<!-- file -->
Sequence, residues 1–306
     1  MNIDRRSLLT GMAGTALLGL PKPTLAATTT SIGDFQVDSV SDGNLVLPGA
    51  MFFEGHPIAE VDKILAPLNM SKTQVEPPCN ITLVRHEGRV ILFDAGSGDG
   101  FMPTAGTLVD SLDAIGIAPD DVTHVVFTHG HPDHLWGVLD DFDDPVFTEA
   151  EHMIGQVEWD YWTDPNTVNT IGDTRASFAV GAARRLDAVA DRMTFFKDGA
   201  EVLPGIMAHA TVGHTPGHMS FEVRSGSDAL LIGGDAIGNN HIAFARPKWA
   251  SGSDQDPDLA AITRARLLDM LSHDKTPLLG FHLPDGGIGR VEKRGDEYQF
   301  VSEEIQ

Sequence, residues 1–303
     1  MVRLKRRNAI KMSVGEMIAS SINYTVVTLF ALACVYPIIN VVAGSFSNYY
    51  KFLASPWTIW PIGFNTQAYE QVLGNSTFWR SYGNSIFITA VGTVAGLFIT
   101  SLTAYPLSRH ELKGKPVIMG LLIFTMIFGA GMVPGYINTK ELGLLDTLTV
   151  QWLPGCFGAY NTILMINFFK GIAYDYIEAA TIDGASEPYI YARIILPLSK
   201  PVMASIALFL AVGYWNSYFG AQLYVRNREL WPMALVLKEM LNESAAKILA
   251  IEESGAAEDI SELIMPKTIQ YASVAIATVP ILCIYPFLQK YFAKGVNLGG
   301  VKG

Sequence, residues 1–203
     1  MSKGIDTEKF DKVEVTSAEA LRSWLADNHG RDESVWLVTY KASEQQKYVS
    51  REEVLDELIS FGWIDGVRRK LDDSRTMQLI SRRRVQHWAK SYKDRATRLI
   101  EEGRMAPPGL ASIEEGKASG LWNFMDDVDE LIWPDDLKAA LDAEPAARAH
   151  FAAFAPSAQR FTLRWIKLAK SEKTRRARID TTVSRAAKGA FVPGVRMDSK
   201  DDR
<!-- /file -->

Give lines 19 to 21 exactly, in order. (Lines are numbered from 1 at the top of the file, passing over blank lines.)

    51  REEVLDELIS FGWIDGVRRK LDDSRTMQLI SRRRVQHWAK SYKDRATRLI
   101  EEGRMAPPGL ASIEEGKASG LWNFMDDVDE LIWPDDLKAA LDAEPAARAH
   151  FAAFAPSAQR FTLRWIKLAK SEKTRRARID TTVSRAAKGA FVPGVRMDSK